Zero Trust vendor architecture: Ethical, or not ethical?

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A vulnerability is disclosed in Palo Alto VPN hardware/software, the company who discovered this: Randori may not have disclosed this to the vendor in a timely fashion. The premise that is suggested for this, is that as Randori are a Red Teaming company they used this Vulnerability to infiltrate their clients who used Palo Alto VPN’s much more easily than they may otherwise have.

Without knowing the details of this Palo Alto VPN vulnerability I would suggest that the company who discovered it were less than honourable, using it in secret to make their Red teaming look more successful than it may have been in other cases.

I imagine the Randori Red team sales rep would engage a potential client.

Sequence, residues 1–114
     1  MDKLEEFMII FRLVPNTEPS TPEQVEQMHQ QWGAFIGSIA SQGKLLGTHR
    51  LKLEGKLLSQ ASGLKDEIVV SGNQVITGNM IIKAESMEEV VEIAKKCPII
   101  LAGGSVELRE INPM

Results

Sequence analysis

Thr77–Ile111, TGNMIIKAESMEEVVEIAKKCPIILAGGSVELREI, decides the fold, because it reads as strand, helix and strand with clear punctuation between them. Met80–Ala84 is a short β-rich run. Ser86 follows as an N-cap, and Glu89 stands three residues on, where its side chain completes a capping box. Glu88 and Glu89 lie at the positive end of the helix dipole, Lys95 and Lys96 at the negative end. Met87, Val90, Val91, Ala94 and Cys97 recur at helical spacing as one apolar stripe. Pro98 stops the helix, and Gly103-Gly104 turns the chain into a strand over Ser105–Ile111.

First Sales question: What VPN are you using? Palo Alto, Check ✅✅✅, salesman then says to the client, “I can guarantee we will be into your network in hours!”.

Client response: ” Pfft, we are using the best security tools available, no way!”

All products cyber security and otherwise have vulnerabilities and all will be discovered at some point, what this demonstrates to me is:

  • It is our job in Cyber security (yes including red teams) to disclose vulnerabilities as soon as we can, otherwise we can not call ourselves “good people”
  • Avoid using a single vendor for all security requirements, because code is reused between products where it makes sense.
  • Make sure you have some form of detection and response capability, this is your blue team!
  • Finally, and unfortunately – we can not implicitly trust cyber security companies to have our best interests at heart.

#cybersecurity #paloaltonetworks #cyberattack #vpn

https://arstechnica.com/gadgets/2021/11/vpn-vulnerability-on-10k-servers-has-severity-rating-of-9-8-out-of-10/

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